BACKGROUND: Antimalarial resistance is rapidly spreading across parts of southeast Asia where dihydroartemisinin-piperaquine is used as first-line treatment for Plasmodium falciparum malaria. The first published reports about resistance to antimalarial drugs came from western Cambodia in 2013. Here, we analyse genetic changes in the P falciparum population of western Cambodia in the 6 years before those reports. METHODS: We analysed genome sequence data on 1492 P falciparum samples from 11 locations across southeast Asia, including 464 samples collected in western Cambodia between 2007 and 2013. Different epidemiological origins of resistance were identified by haplotypic analysis of the kelch13 artemisinin resistance locus and the plasmepsin 2-3 piperaquine resistance locus. FINDINGS: We identified more than 30 independent origins of artemisinin resistance, of which the KEL1 lineage accounted for 140 (91%) of 154 parasites resistant to dihydroartemisinin-piperaquine. In 2008, KEL1 combined with PLA1, the major lineage associated with piperaquine resistance. By 2013, the KEL1/PLA1 co-lineage had reached a frequency of 63% (24/38) in western Cambodia and had spread to northern Cambodia. INTERPRETATION: The KEL1/PLA1 co-lineage emerged in the same year that dihydroartemisinin-piperaquine became the first-line antimalarial drug in western Cambodia and spread rapidly thereafter, displacing other artemisinin-resistant parasite lineages. These findings have important implications for management of the global health risk associated with the current outbreak of multidrug-resistant malaria in southeast Asia. FUNDING: Wellcome Trust, Bill & Melinda Gates Foundation, Medical Research Council, UK Department for International Development, and the Intramural Research Program of the National Institute of Allergy and Infectious Diseases.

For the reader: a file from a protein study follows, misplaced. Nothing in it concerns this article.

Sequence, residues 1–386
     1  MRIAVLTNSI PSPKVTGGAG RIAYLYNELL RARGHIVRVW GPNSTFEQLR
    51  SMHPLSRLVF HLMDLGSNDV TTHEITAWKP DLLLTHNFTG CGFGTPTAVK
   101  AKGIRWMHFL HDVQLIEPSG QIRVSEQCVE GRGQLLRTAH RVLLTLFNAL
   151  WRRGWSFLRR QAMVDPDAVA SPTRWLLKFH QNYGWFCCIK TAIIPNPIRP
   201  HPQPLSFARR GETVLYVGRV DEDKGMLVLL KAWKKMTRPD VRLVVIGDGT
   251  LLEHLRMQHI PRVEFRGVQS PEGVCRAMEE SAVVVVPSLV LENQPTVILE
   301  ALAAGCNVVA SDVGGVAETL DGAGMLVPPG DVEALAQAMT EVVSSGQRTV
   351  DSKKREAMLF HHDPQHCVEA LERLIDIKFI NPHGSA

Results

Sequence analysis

As key functional units in neural circuits, different types of neuronal synapses play distinct roles in brain information processing, learning, and memory. Synaptic abnormalities are believed to underlie various neurological and psychiatric disorders. Here, by combining cryo-electron tomography and cryo-correlative light and electron microscopy, we distinguished intact excitatory and inhibitory synapses of cultured hippocampal neurons, and visualized the in situ 3D organization of synaptic organelles and macromolecules in their native state. Quantitative analyses of >100 synaptic tomograms reveal that excitatory synapses contain a mesh-like postsynaptic density (PSD) with thickness ranging from 20 to 50 nm. In contrast, the PSD in inhibitory synapses assumes a thin sheet-like structure ∼12 nm from the postsynaptic membrane. On the presynaptic side, spherical synaptic vesicles (SVs) of 25-60 nm diameter and discus-shaped ellipsoidal SVs of various sizes coexist in both synaptic types, with more ellipsoidal ones in inhibitory synapses. High-resolution tomograms obtained using a Volta phase plate and electron filtering and counting reveal glutamate receptor-like and GABAA receptor-like structures that interact with putative scaffolding and adhesion molecules, reflecting details of receptor anchoring and PSD organization. These results provide an updated view of the ultrastructure of excitatory and inhibitory synapses, and demonstrate the potential of our approach to gain insight into the organizational principles of cellular architecture underlying distinct synaptic functions.SIGNIFICANCE STATEMENT To understand functional properties of neuronal synapses, it is desirable to analyze their structure at molecular resolution. We have developed an integrative approach combining cryo-electron tomography and correlative fluorescence microscopy to visualize 3D ultrastructural features of intact excitatory and inhibitory synapses in their native state. Our approach shows that inhibitory synapses contain uniform thin sheet-like postsynaptic densities (PSDs), while excitatory synapses contain previously known mesh-like PSDs. We discovered "discus-shaped" ellipsoidal synaptic vesicles, and their distributions along with regular spherical vesicles in synaptic types are characterized. High-resolution tomograms further allowed identification of putative neurotransmitter receptors and their heterogeneous interaction with synaptic scaffolding proteins. The specificity and resolution of our approach enables precise in situ analysis of ultrastructural organization underlying distinct synaptic functions.
N Engl J Med, 378 (4), pp. 397. | Read more2018. Rivaroxaban in Stable Cardiovascular Disease.